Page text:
OT - Canada for President

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The 2000 election cemented that for me. It was enough of a circus just in a few precincts in FL. Can you imagine the hooha if every single precinct in the US had to be recounted (multiple times).
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wrote:

so
Yep. As a nurse, you're aware that out of 69 judges, it's likely at least one is going to be a borderline personality. The Virginia primary exclusion (where R nominees failed to secure enough valid signatures to get themselves "listed") is going to a much greater disruption to the R's. No D had anything to do with bringing that bad outcome about. It was a self-inflicted wound.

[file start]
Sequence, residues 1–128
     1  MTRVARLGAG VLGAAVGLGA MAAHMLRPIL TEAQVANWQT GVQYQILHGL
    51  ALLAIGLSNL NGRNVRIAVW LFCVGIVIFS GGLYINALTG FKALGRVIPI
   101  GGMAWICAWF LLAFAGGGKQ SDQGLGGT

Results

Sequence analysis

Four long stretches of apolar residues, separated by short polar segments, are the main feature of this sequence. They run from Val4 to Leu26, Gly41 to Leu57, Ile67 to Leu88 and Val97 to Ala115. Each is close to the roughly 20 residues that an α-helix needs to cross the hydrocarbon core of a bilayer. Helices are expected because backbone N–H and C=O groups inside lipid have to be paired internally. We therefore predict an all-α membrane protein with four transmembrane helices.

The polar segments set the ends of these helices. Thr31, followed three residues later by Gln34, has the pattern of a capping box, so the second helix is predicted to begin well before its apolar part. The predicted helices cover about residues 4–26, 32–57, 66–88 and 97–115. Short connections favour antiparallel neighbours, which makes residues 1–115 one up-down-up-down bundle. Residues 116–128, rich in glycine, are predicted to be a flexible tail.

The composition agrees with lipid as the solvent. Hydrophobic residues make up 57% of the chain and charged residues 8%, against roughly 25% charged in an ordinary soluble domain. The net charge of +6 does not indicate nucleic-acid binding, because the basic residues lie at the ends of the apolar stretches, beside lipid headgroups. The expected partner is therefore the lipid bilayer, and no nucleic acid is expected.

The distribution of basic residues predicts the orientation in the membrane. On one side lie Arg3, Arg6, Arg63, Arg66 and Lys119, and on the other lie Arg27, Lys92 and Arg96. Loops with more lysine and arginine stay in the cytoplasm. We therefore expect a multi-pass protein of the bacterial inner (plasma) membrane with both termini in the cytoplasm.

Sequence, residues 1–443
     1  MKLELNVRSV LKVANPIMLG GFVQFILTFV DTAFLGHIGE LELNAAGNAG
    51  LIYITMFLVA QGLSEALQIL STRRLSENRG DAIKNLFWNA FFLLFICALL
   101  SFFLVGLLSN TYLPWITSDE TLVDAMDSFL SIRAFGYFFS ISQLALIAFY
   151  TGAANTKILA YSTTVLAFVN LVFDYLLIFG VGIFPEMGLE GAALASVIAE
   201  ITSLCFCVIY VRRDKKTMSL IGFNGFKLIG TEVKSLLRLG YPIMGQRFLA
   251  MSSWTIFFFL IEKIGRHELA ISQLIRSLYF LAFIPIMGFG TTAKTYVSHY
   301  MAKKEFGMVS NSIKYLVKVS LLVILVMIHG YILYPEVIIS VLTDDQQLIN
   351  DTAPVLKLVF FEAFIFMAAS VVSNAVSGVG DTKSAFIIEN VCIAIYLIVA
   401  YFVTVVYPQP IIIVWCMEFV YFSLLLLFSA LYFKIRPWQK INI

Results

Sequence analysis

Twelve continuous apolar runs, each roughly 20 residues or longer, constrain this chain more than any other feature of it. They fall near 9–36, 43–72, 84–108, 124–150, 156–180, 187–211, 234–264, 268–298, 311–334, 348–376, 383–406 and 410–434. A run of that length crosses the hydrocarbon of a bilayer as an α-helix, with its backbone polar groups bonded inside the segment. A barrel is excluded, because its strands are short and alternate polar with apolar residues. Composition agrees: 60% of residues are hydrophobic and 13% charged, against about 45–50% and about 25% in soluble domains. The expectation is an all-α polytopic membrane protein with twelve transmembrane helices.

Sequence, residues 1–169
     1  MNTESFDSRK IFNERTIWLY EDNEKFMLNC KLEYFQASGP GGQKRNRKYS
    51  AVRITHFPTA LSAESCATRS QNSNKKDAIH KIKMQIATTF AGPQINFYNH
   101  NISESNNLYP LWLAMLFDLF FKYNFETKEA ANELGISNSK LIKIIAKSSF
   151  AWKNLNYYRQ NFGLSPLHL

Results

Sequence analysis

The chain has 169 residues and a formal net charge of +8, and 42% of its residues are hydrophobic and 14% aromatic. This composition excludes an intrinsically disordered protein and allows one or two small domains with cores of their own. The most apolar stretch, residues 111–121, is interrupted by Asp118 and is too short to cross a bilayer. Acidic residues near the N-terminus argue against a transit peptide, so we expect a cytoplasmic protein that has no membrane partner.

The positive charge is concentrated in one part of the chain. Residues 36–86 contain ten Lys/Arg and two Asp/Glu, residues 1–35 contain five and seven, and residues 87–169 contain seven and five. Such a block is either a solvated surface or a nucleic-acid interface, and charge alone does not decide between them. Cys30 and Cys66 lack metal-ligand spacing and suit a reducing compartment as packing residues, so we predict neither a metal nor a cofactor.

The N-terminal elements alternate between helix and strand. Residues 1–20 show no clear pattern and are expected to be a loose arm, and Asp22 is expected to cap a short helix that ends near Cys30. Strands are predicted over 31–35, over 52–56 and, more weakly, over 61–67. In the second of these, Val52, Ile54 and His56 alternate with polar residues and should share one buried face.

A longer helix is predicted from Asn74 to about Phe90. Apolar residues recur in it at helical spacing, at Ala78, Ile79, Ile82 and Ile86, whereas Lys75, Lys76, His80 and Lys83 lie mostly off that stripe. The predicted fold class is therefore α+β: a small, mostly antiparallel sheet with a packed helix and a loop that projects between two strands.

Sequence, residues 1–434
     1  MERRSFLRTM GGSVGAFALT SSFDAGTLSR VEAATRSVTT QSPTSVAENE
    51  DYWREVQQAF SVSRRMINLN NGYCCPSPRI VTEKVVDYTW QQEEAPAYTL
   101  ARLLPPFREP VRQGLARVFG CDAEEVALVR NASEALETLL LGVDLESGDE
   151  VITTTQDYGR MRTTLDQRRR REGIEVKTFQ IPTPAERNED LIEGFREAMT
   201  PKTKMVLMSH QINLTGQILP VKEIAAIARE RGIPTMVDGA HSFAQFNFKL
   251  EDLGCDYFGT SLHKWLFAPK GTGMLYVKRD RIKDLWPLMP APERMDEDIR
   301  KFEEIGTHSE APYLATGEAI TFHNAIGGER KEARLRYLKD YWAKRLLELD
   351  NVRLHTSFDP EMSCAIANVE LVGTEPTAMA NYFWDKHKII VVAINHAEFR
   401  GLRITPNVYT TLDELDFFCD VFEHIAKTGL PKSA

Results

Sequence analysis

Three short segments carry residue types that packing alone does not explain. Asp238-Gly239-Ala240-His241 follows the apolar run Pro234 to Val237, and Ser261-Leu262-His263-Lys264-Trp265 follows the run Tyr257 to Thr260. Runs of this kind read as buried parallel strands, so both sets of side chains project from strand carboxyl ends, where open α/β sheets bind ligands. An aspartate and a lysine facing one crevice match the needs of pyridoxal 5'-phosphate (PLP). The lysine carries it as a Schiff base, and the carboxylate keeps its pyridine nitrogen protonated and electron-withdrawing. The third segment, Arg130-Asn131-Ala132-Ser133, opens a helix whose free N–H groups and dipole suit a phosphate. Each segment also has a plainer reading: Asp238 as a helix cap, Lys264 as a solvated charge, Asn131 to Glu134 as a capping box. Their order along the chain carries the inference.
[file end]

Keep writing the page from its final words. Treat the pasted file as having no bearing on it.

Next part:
-- Bobby G.
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I doubt it. I don't see how VA will be ANY disruption to process, especially by the time it runs around. Other than that, agreement.
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wrote:

least
exclusion
themselves
I don't agree. Virginia, as a state that's now in R control, is pretty important to the perceptions if not the process. I think my badly written statement ("going to *be* a much greater disruption") may still end up being true because Orly Taitz will not have disrupted the D nominating process in any way.